Jeremy Wallace/The Aspen Times

The Running Decathlon: Helping others walk again

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Kelly Hayes, a spotter on NBC’s Sunday Night Football, is attempting to do something that no one has ever done before.

Over the next year, he plans to complete “The Running Decathlon,” which consists of the ten most widely-run track events. His goal is to run each “half as fast,” or in twice the time, of the current world record in each event. And he will attempt to run these races in the footsteps of those who set the records on the very tracks, and in the very stadiums where the records were set.

Think of it as CrossFit for runners on a global scale. Oh, and Kelly is 60 years old this year.

His attempt to complete this “quest” serves as a platform to raise funds to purchase a $90,000 exoskeleton Bionic Suit, which allows those with critical spinal injuries to rise from their wheelchairs and actually take assisted walks. Think Tony Stark from Ironman. He is relying on donations to the Bridging Bionics Foundation to make this a reality.

In this space, you can find information on each of the races, as well as a video that describes both “The Running Decathlon” and the exoskeleton Bionic Suits.

You can also follow Kelly on his journey, which begins in Rome on July 7, 2016, here, on Facebook, Twitter and at race2walk2016.com, where you can make a 100 percent tax-deductible contribution towards the purchase of an exoskeleton Bionic Suit for the Bridging Bionics Foundation.

One hundred percent of your donations will go towards the purchase of these suits.

Please turn Kelly’s steps into dollars. And we will turn dollars into steps for those who want to walk again.

The Running Decathlon

1500m in the Stadio Olimpico

Chasing El Gerrouj in the mile

Homage to Hicham

Track Town: The Netherlands

Former head of USA Triathlon takes helm of Iditarod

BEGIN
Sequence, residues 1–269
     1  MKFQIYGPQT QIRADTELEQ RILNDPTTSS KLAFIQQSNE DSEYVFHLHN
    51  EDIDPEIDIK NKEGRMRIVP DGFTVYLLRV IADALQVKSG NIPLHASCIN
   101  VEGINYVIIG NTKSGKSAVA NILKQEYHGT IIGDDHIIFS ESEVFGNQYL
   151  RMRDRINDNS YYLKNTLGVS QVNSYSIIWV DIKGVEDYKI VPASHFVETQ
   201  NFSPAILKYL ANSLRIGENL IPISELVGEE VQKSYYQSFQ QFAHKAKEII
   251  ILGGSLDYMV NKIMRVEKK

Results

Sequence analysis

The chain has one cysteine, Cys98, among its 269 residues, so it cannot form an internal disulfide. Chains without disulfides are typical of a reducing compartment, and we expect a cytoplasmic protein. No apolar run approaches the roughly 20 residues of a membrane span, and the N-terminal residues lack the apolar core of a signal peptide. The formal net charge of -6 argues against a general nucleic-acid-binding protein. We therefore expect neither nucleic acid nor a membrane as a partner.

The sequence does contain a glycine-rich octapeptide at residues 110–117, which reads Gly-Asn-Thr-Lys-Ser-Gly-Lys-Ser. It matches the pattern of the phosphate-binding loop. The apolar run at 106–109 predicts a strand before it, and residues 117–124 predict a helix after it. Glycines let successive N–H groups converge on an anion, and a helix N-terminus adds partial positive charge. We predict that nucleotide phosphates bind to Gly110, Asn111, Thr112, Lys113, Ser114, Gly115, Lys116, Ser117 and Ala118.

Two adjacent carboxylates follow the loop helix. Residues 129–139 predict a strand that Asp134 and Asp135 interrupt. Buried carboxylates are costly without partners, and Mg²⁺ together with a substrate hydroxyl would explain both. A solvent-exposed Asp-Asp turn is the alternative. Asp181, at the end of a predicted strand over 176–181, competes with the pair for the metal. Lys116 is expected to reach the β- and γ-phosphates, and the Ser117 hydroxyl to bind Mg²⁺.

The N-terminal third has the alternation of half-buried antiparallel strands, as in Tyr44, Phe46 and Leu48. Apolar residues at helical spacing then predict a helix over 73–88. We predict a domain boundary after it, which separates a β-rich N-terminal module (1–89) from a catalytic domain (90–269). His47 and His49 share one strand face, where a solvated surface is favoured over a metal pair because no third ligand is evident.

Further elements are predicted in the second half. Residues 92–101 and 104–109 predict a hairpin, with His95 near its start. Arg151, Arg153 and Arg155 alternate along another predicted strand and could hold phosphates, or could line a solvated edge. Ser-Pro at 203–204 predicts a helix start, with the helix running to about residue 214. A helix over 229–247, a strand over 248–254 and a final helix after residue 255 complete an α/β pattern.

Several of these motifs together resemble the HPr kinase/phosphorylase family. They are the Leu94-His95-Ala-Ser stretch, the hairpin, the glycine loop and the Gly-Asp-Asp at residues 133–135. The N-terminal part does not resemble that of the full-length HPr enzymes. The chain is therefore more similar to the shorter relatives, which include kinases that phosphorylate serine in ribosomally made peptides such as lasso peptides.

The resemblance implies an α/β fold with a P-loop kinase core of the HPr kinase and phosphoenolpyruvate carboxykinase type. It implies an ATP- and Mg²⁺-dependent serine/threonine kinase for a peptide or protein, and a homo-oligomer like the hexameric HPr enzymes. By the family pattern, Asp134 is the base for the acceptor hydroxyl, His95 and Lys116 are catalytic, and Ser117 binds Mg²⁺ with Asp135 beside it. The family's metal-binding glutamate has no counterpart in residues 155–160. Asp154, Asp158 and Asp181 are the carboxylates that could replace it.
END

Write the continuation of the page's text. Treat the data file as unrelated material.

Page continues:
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ANCHORAGE, Alaska — As the new head of the Iditarod Trail Sled Dog Race, Rob Urbach will have to overcome dwindling sponsorships, dog deaths, a recent dog-doping scandal and animal rights protests.

With all that drama, it seems fitting Urbach became hooked on the sport thanks to soap opera actress Susan Lucci.

Lucci, who starred on “All My Children,” and Urbach struck up a conversation on a 1999 flight to Anchorage, where she was taking part in the Iditarod’s ceremonial start and he was going skiing.

Urbach acknowledges the challenges for the Iditarod, but he says he’s faced significant tests in his previous roles, including as CEO of USA Triathlon.

He says there’s an opportunity to put out some fires for the Iditarod, while also protecting the race for the next 50 years.

Auburn gymnast walks down wedding aisle after serious injury

AP
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FAIRHOPE, Ala. (AP) A gymnast who suffered a severe leg injury accomplished her goal of walking down the aisle at her wedding.

The Advocate reports Auburn University graduate Samantha Cerio shared photos on Instagram Monday of the ceremony in Fairhope.

The gymnast dislocated both knees and tore ligaments in both legs during a competition in April. After having surgery, she said she wanted to recover enough in time to walk down the aisle at the ceremony.

Cerio used crutches to cross the stage at her graduation in May. She earned a degree in aerospace engineering.

Cerio walked down the aisle free of crutches to marry fiance Trey Wood.